The Actomyosin Cross Bridge Cycle


The cross bridge cycle can be described as a series of coupled biochemical and mechanical events. The efficient conversion of biochemical energy requires a very precise temporal coupling between the biochemical and mechanical events - the structure of the myosin head is presumably designed to achieve this end. The cross bridge cycle for fast skeletal muscle is the most thoroughly studied system and the description of the cycle that follows refers to this actomyosin. The basic cycle is believed to be the same for all myosins, but the relative rates of individual steps are altered by changes in the amino acid sequence of myosin to tune each myosin for its particular physiological role. Comparisons of the properties of different myosins, together with mutagenesis of specific amino acid residues or of short sequences, are the most active areas of current research.





The essential mechanochemical steps are shown lettered a to e. ATP binding to either a resting length myosin head (c) or to a head bearing a load (b) results a change in conformation in the myosin head, causing a rapid, almost irreversible dissociation of the myosin head from actin (d). Following detachment from actin, the ATP is hydrolysed to ADP and Pi, both of which remain very tightly bound to the myosin head (e). The hydrolysis is relatively rapid (taking about about 10 msec) and reversible (Keq = 10). The small value of the Keq indicates that the free energy of ATP hydrolysis is not released but remains within the structure of the M.ADP.Pi complex. The crystal structures of myosin heads with bound nucleotides or nucleotide analogues are believed to represent one or the other of these two structures (d & e). This suggests that the hydrolysis is accompanied by a major conformational change which represents the reversal or a repriming of the power stroke. Structures d & e are quite stable and ADP and Pi will remain bound to the myosin head until the myosin binds to an actin site. The affinity of M.ADP.Pi for actin is significantly higher than that of M.ATP. If an actin site is within reach of the myosin head, it will bind rapidly and reversibly to the actin site. In doing so, it can explore several potential actin binding sites. Current opinion suggests that the majority (>80%) of myosin heads within an active isometric (not shortening) muscle are in equilibrium between states a, d & e.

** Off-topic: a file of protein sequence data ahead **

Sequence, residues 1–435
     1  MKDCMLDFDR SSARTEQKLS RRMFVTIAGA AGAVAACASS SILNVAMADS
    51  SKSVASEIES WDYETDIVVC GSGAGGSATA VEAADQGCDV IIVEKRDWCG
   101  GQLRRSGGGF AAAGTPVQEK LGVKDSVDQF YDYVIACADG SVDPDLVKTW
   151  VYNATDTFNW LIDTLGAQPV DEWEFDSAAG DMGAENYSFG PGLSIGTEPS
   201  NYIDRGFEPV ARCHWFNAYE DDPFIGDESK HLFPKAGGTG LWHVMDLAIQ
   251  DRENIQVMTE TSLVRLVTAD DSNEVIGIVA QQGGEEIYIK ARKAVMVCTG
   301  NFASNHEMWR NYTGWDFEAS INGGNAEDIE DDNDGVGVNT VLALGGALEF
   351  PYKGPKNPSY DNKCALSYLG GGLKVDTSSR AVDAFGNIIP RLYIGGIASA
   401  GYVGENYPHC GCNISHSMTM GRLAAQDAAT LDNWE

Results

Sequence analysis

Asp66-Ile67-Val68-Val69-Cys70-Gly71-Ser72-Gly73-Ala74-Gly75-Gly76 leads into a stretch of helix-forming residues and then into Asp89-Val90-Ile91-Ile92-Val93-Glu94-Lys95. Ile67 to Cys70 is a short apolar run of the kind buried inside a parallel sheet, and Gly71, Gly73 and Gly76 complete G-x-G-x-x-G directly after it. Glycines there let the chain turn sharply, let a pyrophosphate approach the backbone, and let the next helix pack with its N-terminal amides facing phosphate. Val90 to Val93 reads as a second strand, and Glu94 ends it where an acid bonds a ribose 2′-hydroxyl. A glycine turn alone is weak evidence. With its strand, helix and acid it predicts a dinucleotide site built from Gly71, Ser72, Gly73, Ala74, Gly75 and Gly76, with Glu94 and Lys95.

When the myosin head binds actin the interaction with actin can promote a major change in conformation (the power stroke) which is accompanied by the dissociation of Pi. Crystal structures suggest that the power stroke consists of a reorientation of part of the myosin head distal to the actin-binding site and includes the 'converter' region and the light chain-binding domain (LCBD). This results in the displacement of the tip of the LCBD by up to 10 nm. The structural changes in the actin-myosin interface that produce the power stroke remain undefined.


If the filaments carry an external load then the power stroke results in the distortion of an elastic element (b). The location and nature of the elastic element is unknown but may represent a distortion in the myosin head or of the LCBD. For simplicity, the elastic element is drawn here as part of the connection between the myosin head and the thick filament. While the myosin head carries a load and is elastically distorted, the dissociation of Pi is a reversible event and Pi can rebind to reverse the power stroke (and also go back through intermediates e & d).


If the external load is small, then the power stroke results in the relative sliding of the actin and myosin filaments by a distance of up to 10 nm. Following the sliding, ADP is released very quickly (within 2 msec) to be replaced within a msec by ATP, and the myosin head dissociates once more to complete the cycle. The final element of the mechanochemical coupling is believed to be a mechanism to limit the rate of release of ADP until the sliding motion is complete. Thus ADP release from b is much slower than from c. The mechanism of the strain-limited ADP release is currently under investigation, but appears to be a key event which differs between myosins designed for efficient fast shortening vs efficient load bearing. The structural changes observed on binding ADP to smooth actomyosin and BBMI might reflect this strain-sensing mechanism.






Contributed by Mike Geeves, University of Kent

Figure and movie by Stefan Weiss & Mike Geeves 1999


Recent Review
Geeves, M.A. & Holmes, K.C. 1999 Structural mechanism of muscle contraction. Ann. Rev. Biochem. 68, 687-728.



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